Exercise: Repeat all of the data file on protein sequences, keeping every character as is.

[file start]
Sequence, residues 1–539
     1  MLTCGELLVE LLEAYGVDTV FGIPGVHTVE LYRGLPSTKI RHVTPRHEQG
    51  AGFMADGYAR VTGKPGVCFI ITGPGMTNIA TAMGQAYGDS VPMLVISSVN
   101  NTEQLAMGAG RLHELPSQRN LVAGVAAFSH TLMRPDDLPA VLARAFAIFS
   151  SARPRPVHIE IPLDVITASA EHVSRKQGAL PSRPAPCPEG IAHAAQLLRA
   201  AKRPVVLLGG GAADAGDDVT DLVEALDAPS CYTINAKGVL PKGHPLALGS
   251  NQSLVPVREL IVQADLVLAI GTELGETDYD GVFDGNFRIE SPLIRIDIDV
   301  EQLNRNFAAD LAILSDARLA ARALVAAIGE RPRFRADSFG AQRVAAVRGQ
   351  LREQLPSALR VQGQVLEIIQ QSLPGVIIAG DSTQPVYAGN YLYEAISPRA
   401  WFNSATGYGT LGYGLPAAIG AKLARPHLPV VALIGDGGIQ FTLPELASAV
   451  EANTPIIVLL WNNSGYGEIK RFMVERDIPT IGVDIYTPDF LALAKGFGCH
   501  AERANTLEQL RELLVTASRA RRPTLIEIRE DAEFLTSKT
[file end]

Sequence, residues 1–539
     1  MLTCGELLVE LLEAYGVDTV FGIPGVHTVE LYRGLPSTKI RHVTPRHEQG
    51  AGFMADGYAR VTGKPGVCFI ITGPGMTNIA TAMGQAYGDS VPMLVISSVN
   101  NTEQLAMGAG RLHELPSQRN LVAGVAAFSH TLMRPDDLPA VLARAFAIFS
   151  SARPRPVHIE IPLDVITASA EHVSRKQGAL PSRPAPCPEG IAHAAQLLRA
   201  AKRPVVLLGG GAADAGDDVT DLVEALDAPS CYTINAKGVL PKGHPLALGS
   251  NQSLVPVREL IVQADLVLAI GTELGETDYD GVFDGNFRIE SPLIRIDIDV
   301  EQLNRNFAAD LAILSDARLA ARALVAAIGE RPRFRADSFG AQRVAAVRGQ
   351  LREQLPSALR VQGQVLEIIQ QSLPGVIIAG DSTQPVYAGN YLYEAISPRA
   401  WFNSATGYGT LGYGLPAAIG AKLARPHLPV VALIGDGGIQ FTLPELASAV
   451  EANTPIIVLL WNNSGYGEIK RFMVERDIPT IGVDIYTPDF LALAKGFGCH
   501  AERANTLEQL RELLVTASRA RRPTLIEIRE DAEFLTSKT